[dropcap]Most[/dropcap] houses have a junk drawer or a similar dumping ground for items that seem to have no place. But what do you do when that designated space grows and becomes overwhelming? Time to simplify and get organized. Minimizing your belongings and putting everything in its place can also create a happier, healthier lifestyle.

Certified professional organizer and founder of Organized Living in Tulsa Anne Spero says it is a known fact that clutter causes stress.

“I see firsthand over and over how stressful being disorganized is for my clients’ lives and relationships,” Spero says.

If disorganization increases stress, does simplification create happiness? Spero says yes.

“Paring down your belongings of unneeded, unused and unloved items does relieve depression symptoms, which increases productivity and gives you the time to do things you enjoy,” Spero says. “Letting go of ‘stuff’ gives you more control and it provides more space. [pullquote]One of the things I encourage is not to run out and buy a bunch of cool containers – yet.[/pullquote]You will spend less time looking for things, and family members know where things are located, so the whole family benefits.”

In addition to creating a more peaceful and controlled environment, organization can make you healthier.

“Since stress affects people physically, decluttering will also improve their health,” she says.

Integrative medical practitioners suggest that purifying your environment gives you more energy and improves the digestive system in addition to clarifying the mind.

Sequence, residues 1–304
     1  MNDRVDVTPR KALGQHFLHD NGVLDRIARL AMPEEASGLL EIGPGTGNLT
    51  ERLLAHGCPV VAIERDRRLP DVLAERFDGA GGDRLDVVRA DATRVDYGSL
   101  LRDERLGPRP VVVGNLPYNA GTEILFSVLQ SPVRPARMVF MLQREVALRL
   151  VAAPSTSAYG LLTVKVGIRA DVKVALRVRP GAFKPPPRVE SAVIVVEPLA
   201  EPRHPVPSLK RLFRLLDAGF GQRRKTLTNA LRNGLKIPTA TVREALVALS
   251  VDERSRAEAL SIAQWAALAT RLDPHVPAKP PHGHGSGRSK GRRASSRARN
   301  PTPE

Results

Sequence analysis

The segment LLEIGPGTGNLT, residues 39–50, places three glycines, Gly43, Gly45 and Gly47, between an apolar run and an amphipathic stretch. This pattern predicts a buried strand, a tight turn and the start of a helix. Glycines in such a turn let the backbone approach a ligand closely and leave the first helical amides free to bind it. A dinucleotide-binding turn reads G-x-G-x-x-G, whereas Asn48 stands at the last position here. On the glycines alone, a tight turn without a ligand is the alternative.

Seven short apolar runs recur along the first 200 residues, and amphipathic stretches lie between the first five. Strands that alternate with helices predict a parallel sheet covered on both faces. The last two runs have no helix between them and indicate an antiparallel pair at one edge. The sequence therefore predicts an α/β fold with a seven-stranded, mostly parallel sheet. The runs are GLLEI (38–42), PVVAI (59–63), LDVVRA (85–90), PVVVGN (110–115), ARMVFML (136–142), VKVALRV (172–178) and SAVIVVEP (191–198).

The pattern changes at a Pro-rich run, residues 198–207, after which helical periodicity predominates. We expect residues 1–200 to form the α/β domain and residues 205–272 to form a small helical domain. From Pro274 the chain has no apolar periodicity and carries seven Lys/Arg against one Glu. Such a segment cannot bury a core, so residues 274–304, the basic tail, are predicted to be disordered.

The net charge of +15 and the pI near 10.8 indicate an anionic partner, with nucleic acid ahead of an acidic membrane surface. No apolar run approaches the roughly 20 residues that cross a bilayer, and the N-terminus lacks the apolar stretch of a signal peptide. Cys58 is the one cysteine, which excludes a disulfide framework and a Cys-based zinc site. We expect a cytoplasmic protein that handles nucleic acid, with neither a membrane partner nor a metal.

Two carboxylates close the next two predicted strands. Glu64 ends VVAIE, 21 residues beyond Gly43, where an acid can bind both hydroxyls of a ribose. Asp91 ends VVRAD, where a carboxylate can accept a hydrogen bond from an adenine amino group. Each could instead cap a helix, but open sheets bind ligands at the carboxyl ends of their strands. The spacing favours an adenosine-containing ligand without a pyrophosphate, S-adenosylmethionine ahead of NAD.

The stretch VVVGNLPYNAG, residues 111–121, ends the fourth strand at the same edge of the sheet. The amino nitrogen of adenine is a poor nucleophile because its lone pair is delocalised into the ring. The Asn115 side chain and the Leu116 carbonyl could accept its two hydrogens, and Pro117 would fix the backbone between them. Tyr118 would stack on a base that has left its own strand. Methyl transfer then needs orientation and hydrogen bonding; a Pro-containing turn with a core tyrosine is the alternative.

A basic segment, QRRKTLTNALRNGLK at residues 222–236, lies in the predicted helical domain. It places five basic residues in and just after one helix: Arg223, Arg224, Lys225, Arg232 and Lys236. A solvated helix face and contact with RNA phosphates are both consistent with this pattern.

But before you can experience the physical and mental benefits of organization, you must commit to a decision. To get organized, first you must minimize your possessions. The Becoming Minimalist blog lists benefits of owning fewer possessions such as spending less, making your home easier to clean and giving you more freedom.

Spero says that deciding to purge is a huge first step. But don’t buy more things right away to help you simplify!

“One of the things I encourage is not to run out and buy a bunch of cool containers – yet. Containerizing comes after the sort-and-purge phase and, if done too soon and without knowing what to get, the containers often become part of the clutter,” Spero says.

Deciding what exactly is clutter can be tricky though. Spero suggests asking yourself these questions about unnecessary items: Does this bring value and joy to my life? Do I love it? Do I use it?

“Most of my clients begin in an extremely overwhelmed state, so these questions are a good start to narrow their thinking,” Spero says.

Once you’ve minimized your belongings, then the true organization can begin. It should be easy to access commonly used items, and they should be kept near where they are used. Every thing should have a place, but not necessarily have its own container.

The minimizing and organizing process is not easy, but, in the end, the tough decisions are still worth it for almost everyone who decides to purge and simplify, Spero says.

“Clients feel so good about themselves after a successful organizing session,” Spero says. “The joy they experience is unmatched, and I often see tears and hugs.”

Minimizing your belongings can also add to a sustainable lifestyle. When purging, unneeded but functioning items can be donated. Or host a yard sale and sell items online. You also won’t be as likely to make the mistake of purchasing something you already own if you know what you have and where everything is in your home.

If a lack of motivation is holding you back, Spero recommends thinking about the process in terms of what you want to surround yourself with.

“The only things you want around are what you use and what you love,” Spero says. “The rest is clutter.”

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